Students teach for America

After graduating from GW as an undergraduate in 1998, Chris Laskowski left the comforts of Foggy Bottom for inner-city Baltimore. Laskowski, who now studies law at GW, spent four years teaching underprivileged children.

Laskowski worked for Teach for America, an organization that recruits college graduates and places them in low-income rural and urban communities to teach. The group aims to eliminate educational inequity on a national level, campaign coordinator Jamie Meltzer said.

Laskowski said he decided to join the program because he did not know what he wanted to do after graduation, adding that he had an “amazing experience.”

“It’s definitely something that will inform the way I look at a lot of social issues for the rest of my life, particularly in the areas of education and educational funding,” he said.

Laskowski is one of the 10,000 people nationwide who has taught through the program since its founding in 1989.

Meltzer, a GW senior, said 80 GW students applied for Teach for America last semester; about 40 received interviews, and eight were invited to teach.

This semester’s deadline for applications is Feb. 15. Students can get an application for Teach for America at

Participants must commit to the program for two years. The school districts in which participants are placed pay the workers’ salaries, which can range from about $25,000 to $40,000.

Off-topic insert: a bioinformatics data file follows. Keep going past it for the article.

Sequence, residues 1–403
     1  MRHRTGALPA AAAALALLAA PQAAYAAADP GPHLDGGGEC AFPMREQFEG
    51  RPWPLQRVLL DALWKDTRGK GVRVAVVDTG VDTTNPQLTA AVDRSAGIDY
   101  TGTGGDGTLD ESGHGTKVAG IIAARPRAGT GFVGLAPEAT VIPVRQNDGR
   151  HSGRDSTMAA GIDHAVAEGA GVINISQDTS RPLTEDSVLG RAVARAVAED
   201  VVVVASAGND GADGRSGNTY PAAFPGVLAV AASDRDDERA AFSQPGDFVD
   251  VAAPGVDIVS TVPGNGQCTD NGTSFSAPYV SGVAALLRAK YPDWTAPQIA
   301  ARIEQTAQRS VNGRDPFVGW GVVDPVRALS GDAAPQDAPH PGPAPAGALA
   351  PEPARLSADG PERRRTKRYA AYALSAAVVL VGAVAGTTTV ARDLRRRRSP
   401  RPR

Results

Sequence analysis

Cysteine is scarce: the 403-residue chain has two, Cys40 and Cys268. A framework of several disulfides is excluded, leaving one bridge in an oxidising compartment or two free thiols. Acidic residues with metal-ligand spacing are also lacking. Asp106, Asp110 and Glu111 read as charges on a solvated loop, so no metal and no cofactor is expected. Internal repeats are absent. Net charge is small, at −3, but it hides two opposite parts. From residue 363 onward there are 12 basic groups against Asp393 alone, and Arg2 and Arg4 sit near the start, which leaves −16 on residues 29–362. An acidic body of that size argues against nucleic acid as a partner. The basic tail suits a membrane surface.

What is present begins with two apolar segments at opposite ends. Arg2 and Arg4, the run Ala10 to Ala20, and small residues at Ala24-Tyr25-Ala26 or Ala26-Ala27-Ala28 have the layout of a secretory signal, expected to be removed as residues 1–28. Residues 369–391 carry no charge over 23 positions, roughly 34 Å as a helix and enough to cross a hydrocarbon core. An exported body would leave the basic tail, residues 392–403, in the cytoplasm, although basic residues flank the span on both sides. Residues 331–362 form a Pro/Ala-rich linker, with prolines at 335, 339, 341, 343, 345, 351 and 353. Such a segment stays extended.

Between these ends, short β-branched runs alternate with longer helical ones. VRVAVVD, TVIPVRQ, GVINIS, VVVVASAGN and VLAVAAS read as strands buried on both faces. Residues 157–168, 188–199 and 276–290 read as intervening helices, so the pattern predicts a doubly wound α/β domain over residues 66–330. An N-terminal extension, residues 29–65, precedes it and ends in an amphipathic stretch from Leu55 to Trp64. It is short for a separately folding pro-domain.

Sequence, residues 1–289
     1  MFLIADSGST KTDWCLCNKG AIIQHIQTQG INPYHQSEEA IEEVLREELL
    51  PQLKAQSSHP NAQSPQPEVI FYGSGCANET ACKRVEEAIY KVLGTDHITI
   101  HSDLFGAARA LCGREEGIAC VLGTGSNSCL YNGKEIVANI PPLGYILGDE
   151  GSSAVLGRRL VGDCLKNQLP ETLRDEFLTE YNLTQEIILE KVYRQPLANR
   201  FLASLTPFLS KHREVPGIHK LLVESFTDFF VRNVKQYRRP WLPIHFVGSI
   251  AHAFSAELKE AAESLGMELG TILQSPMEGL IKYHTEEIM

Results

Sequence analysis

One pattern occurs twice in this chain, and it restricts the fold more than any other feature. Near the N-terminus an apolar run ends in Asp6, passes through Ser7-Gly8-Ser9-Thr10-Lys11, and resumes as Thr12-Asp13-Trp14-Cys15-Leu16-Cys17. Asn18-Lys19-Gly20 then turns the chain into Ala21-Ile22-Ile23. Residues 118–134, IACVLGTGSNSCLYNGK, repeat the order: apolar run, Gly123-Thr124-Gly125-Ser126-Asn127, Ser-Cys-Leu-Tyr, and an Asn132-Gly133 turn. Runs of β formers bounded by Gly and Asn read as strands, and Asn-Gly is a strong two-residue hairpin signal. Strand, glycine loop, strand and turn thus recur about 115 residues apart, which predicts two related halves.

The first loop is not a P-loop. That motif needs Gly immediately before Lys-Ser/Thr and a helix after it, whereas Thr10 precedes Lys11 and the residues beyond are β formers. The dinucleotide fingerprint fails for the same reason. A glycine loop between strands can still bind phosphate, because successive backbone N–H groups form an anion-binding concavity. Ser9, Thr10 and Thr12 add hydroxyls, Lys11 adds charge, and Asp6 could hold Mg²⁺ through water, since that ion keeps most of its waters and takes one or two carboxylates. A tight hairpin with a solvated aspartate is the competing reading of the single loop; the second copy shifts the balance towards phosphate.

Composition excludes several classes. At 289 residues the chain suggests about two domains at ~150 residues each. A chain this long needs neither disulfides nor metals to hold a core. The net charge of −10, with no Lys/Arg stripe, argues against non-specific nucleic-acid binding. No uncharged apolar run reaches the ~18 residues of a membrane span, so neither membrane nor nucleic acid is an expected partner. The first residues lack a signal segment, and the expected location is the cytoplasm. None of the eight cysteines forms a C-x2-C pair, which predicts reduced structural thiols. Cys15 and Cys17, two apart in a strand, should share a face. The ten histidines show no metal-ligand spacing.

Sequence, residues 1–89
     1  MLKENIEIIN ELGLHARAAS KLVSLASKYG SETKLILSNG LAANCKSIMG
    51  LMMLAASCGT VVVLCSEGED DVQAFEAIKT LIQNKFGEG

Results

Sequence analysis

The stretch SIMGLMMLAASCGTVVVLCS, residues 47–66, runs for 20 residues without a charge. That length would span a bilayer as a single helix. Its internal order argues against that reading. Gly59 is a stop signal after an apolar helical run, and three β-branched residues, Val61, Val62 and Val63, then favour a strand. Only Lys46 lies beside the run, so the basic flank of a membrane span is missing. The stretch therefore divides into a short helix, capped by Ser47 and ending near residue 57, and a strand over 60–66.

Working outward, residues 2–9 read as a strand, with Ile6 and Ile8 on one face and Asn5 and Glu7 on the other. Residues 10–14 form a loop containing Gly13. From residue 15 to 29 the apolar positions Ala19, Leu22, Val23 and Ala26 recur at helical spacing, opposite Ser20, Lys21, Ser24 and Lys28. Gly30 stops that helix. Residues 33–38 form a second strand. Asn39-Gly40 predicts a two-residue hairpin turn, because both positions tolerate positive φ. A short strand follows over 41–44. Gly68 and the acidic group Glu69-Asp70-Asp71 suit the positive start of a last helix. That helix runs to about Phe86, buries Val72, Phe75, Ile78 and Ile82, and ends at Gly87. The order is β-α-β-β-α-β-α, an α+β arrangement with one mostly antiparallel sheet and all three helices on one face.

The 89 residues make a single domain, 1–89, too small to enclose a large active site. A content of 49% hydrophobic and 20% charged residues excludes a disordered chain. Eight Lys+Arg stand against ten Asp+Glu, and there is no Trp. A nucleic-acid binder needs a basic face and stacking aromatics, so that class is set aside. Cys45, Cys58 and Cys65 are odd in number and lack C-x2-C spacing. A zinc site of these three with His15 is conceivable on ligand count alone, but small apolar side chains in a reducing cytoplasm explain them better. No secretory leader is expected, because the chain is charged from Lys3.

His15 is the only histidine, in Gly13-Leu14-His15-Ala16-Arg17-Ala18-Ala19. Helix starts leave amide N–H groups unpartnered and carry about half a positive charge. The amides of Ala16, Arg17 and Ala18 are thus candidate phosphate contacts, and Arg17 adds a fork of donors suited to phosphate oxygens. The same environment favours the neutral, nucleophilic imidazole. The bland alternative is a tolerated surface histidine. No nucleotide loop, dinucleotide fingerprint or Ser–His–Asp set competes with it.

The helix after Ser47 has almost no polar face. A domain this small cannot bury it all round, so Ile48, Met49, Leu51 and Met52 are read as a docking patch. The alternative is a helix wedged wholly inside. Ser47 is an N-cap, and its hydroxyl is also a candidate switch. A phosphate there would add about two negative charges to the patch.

Last year, 1,800 students participated in Teach for America out of 16,000 applicants. In 2001, 950 participated out of 4,946 applicants, according to an organization brochure.

Meltzer was accepted to work for the program next year.

“I believe in the mission. That makes me want to help,” she said. “I don’t think it is fair that the town or city you are born in determines your educational opportunities.”

Teach for America offered Meltzer a position in New York, teaching middle or high school English in Washington Heights, the Bronx or Harlem.

“Since sophomore year, when I first learned about Teach for America, I knew it was something of interest,” she said. “As I worked as a ‘Big Sister’ mentor and saw a glimpse into the daily lives of students in inner-city schools, I knew improving education was an area in need of my help. I kept my mentee in the back of my mind as I filled out the application.”

The Hatchet has disabled comments on our website. Learn more.